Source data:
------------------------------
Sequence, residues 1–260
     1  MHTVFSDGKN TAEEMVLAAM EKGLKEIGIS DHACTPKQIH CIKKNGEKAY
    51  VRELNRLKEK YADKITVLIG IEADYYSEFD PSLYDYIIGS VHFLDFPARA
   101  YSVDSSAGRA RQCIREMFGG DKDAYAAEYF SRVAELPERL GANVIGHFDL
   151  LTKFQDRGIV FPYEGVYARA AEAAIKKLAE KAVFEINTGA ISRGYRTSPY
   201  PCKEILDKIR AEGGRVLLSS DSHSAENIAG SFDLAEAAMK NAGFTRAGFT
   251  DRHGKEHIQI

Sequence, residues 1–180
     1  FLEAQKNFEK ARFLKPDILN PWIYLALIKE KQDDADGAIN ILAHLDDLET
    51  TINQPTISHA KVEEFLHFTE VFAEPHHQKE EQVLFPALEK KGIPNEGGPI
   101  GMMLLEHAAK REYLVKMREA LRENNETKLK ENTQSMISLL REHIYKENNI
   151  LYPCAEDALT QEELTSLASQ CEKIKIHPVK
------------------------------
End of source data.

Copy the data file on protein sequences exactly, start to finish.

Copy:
Sequence, residues 1–260
     1  MHTVFSDGKN TAEEMVLAAM EKGLKEIGIS DHACTPKQIH CIKKNGEKAY
    51  VRELNRLKEK YADKITVLIG IEADYYSEFD PSLYDYIIGS VHFLDFPARA
   101  YSVDSSAGRA RQCIREMFGG DKDAYAAEYF SRVAELPERL GANVIGHFDL
   151  LTKFQDRGIV FPYEGVYARA AEAAIKKLAE KAVFEINTGA ISRGYRTSPY
   201  PCKEILDKIR AEGGRVLLSS DSHSAENIAG SFDLAEAAMK NAGFTRAGFT
   251  DRHGKEHIQI

Sequence, residues 1–180
     1  FLEAQKNFEK ARFLKPDILN PWIYLALIKE KQDDADGAIN ILAHLDDLET
    51  TINQPTISHA KVEEFLHFTE VFAEPHHQKE EQVLFPALEK KGIPNEGGPI
   101  GMMLLEHAAK REYLVKMREA LRENNETKLK ENTQSMISLL REHIYKENNI
   151  LYPCAEDALT QEELTSLASQ CEKIKIHPVK